Contractor awarded $5m Wānaka roundabout after Cromwell mistakes
The same contractor behind Cromwell's faulty roundabout is set to start work on a similar project in Wānaka.
The intersection of State Highways 6 and 84 at Mt Iron's being given a $5 million revamp, and Waka Kotahi's awarded Fulton Hogan the contract.
Construction's set to start at the busy intersection, where traffic from Wānaka's lakefront, Luggate, Albert Town and Hāwea, and Riverbank Road converge.
It's expected the build will take at least a year to complete.
Down the road in Cromwell, drivers have just come to the end of months of detours and delays as Fulton Hogan built two new roundabouts on state highways on the edge of the town.
One of them, at the junction of State Highways 6 and 8B, had to be partially ripped up and relaid after an eleventh-hour fault with the new road's camber was picked up by early users.
In response to questions from Crux at the time, a Waka Kotahi spokesperson said the flaw was missed by the contractor during construction, despite "quality assurance checks" having been undertaken.
It was fixed "largely" at the contractor's cost, with the public picking up approximately "$20,000 to $30,000" of the bill.
Fulton Hogan did not respond to Crux's request for an interview on what went wrong.
Meanwhile, Waka Kotahi director of regional relationships James Caygill reckons the announcement of the latest build, a 40 metre-diameter, single-lane, five leg roundabout, will be "welcome news" for locals.
“We know this intersection is a busy one particularly over the summer period when congestion is at its peak.
"The nature of the existing staggered T junction makes it challenging and has resulted in multiple crashes in recent years."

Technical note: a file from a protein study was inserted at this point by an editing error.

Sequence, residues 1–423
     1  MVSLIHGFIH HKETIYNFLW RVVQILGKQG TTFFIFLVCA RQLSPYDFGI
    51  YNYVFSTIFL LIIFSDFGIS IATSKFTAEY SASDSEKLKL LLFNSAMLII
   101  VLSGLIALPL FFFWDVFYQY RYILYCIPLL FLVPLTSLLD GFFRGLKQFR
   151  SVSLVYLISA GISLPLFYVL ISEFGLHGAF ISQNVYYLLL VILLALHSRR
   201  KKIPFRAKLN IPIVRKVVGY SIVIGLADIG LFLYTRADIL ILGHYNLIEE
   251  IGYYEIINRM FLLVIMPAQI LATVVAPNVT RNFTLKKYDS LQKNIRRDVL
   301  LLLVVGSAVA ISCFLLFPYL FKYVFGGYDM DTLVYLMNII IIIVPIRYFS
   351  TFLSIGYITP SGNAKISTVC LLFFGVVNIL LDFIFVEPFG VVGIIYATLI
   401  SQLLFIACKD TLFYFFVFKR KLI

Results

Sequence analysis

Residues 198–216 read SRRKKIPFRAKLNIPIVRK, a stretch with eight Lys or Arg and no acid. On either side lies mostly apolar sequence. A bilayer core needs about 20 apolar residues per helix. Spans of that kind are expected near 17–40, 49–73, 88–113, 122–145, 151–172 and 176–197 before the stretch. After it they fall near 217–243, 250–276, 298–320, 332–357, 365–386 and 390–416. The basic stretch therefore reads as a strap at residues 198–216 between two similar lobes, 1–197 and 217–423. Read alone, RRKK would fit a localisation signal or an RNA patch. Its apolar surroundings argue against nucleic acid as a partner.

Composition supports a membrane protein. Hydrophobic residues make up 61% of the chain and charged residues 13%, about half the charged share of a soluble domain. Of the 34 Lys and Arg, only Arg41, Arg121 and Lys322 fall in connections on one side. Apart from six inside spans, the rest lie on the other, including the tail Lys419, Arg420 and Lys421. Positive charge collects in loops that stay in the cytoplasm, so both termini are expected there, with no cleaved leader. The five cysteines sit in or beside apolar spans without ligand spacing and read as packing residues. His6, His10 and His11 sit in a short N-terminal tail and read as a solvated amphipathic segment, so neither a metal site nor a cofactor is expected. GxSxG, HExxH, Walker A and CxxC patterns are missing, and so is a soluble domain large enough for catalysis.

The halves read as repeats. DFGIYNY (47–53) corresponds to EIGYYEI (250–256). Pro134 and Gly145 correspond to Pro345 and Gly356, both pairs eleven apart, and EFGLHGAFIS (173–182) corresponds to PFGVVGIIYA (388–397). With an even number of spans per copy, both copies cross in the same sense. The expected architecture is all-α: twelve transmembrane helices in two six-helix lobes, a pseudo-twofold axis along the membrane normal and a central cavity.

The project's part of Waka Kotahi's Road to Zero Safe Infrastructure Programme, being delivered across the country.
"Its construction will reduce the likelihood of crashes and increase safety for all those who use it,” Mr Caygill says.
Road users can expect some disruptions.
However, principal project manager Brendon French says a significant portion of the roundabout can be built off-line, near the site.
“This will lessen the impact on road users and allows us to limit delays where possible.
"The design of the roundabout shifts the intersection to the north slightly, which means most of the roundabout can be constructed off-line.
"However, disruption will be unavoidable as each leg into the roundabout will need to be realigned.
“While we estimate this will take a year to complete this is also dependent on labour and material availability in addition to weather conditions.”
Waka Kotahi says there's limitations to what roadworks can happen over winter.
"The intention is to have the bulk of the roundabout construction complete prior to winter and complete the tie in legs and surfacing in the spring," it says in a statement today.
"Winter means challenging conditions, particularly for pavement and surfacing activities, so while there will likely still be activity on site it will be limited to activities on the peripheries, such as footpaths and lighting."
The "fifth leg" of the new roundabout will future proof it for proposed development in the area, it says.
Between 2011 and 2020 there's been 21 crashes recorded at the intersection, with one person seriously injured and 18 people suffering minor injuries, according to accident records.
Main image (Google street view): Wānaka's difficult 'Mt Iron' intersection is set for a roundabout.